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When will white people stop feeling so inadequate compared to Serena Williams?

Serena Williams literally cannot do anything without white folks (and cishet Black men) tearing her apart. Williams is a gifted, talented and successful Black woman, so it isn’t surprising that everything she does is heavily scrutinized by intimidated and spiteful people.

When folks ask me what intersectionality means, I use the vitriol directed towards Williams as an example of why intersectionality matters; it isn’t simply because she is a woman, it is her gender intersecting with her race which makes her the target of so much hate.

On Thursday the French Newspaper, Le Monde, published a piece by a salty white journalist, Henri Seckel who wrote about how the tennis tournament, Roland Garros was better without Williams because it gave other players the chance to shine without Williams “stealing focus”.

Seckel is happy that Williams is six months pregnant, and therefor not playing and crushing all the white lady tennis players at Roland Garros, but instead of minding his own business and writing a piece simply about the women who are there, he writes about the one who isn’t.

Why? Why bother to do so? Because he’s racist, because even when Black women don’t do something and take time off for themselves, white folks gotta flex their white fragility and project their insecurities onto them.

In the piece, Seckel describes her as an “American Diva” and details how it’s refreshing to not have to deal with Serena’s “diva-like” behavior off court. Black women can’t just be without being painted as difficult. When has Williams demonstrated anything but professionalism and passion?

No matter how Black women are, no matter how they act, white people see them through a racist lens. If we’re excited, white people see it as loud and obnoxious; if we’re assertive and no-bullshit, white people see it as being angry or aggressive. Our happiness is too loud, our justified anger is too frightening.

This isn’t even the first incident of racism against the number one tennis player in the world–far from it. Ever since the beginning of her career at 14-years-old, Williams has faced racist micro and macro-aggressions from the general public, tennis officials and reporters. Here’s a sampling of just a few of these incidents:

  • In 2015, thousands were upset that Sports Illustrated had named Williams Sportsperson of the Year over a fucking racehorse, American Pharaoh.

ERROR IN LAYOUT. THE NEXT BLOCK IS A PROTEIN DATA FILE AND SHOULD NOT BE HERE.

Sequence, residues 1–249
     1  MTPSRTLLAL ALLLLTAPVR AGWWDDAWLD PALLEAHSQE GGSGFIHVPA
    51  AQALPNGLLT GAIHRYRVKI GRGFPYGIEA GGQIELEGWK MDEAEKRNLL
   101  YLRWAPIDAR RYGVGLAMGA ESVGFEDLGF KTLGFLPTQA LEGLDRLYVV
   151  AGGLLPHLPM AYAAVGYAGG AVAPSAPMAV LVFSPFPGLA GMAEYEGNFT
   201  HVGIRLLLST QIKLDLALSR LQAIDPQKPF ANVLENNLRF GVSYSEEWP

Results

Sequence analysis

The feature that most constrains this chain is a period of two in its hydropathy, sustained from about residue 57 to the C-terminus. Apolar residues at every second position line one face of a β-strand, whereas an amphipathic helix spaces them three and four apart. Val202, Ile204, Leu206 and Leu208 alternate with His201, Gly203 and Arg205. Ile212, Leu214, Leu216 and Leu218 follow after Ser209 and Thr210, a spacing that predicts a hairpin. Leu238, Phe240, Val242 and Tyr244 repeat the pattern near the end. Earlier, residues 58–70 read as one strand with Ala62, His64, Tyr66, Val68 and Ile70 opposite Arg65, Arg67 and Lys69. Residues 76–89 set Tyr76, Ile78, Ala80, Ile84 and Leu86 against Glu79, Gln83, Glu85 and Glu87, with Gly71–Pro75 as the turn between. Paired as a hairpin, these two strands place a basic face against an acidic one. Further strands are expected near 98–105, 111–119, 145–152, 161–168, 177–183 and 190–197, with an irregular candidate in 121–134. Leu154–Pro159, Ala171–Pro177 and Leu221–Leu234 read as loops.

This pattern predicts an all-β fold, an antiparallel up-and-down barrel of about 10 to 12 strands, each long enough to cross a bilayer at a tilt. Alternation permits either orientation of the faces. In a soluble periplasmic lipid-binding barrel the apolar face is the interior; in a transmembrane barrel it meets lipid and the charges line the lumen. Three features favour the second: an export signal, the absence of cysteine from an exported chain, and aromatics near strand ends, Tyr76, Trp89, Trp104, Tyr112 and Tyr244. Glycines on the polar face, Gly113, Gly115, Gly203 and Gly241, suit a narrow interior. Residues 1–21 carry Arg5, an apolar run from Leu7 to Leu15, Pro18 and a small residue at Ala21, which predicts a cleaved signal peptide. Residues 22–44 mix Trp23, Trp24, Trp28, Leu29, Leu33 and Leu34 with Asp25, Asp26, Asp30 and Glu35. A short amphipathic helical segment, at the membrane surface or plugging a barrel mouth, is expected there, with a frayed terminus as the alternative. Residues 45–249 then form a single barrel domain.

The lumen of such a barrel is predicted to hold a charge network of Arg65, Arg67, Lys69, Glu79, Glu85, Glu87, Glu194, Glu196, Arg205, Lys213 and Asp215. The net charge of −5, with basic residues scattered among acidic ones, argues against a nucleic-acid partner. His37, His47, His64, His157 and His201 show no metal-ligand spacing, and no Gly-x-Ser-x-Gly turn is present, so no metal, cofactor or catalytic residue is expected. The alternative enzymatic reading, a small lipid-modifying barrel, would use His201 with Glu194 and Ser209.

• In the lawsuit filings of a racial discrimination case in May, the managers of a high-end shoe company, Gianvito Rossi are reported to have called Williams “disgusting” and refused to give her the same discounts as white celebrities.
  • In April, a retired Romanian tennis player, Ilie Nastase made hyper-racist comments to a journalist about Williams’ pregnancy. Nastase compared Williams’ unborn baby to “chocolate with milk”. Williams’ fiancé, Alexis Ohanian is white and apparently comparing biracial children to food is still a thing.

Seckel is currently on Twitter defending his piece and asking folks what white fragility means, so feel free to head over and explain to his racist ass why he shouldn’t come for Queen Williams. We ain’t gonna take any of that bullshit.

 
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Lara Witt is an award-winning feminist writer who primarily writes about feminism, racism, pop-culture, mental health, and politics. Witt received her BA in Journalism from Temple University and interned for Philadelphia CityPaper’s arts and entertainment section and the Philadelphia Daily News covering local news, court stories, and crime. Following her graduation, she became increasingly committed to writing about gender, race, and queer identity by using Black and brown feminist theory to analyze current news and politics. Witt freelanced for national and local publications, which led to her working with Wear Your Voice Magazine eventually becoming their EIC and rebranding the site to focus primarily on using the analytical framework of Dr. Kimberlé Crenshaw’s theory of intersectionality. Witt’s goal is to provide platforms for marginalized voices with a focus on having other Black, Indigenous and people of color (BIPOC) writers tell their own stories and explore their own narratives. Witt has spoken at local Philadelphia events, such as the March to End Rape Culture (2017) and curated a yearly series of events called The Electric Lady Series. These events highlight women of color in Philadelphia by exploring gender, rape culture, entrepreneurship, art, self-care, sex, and culture.

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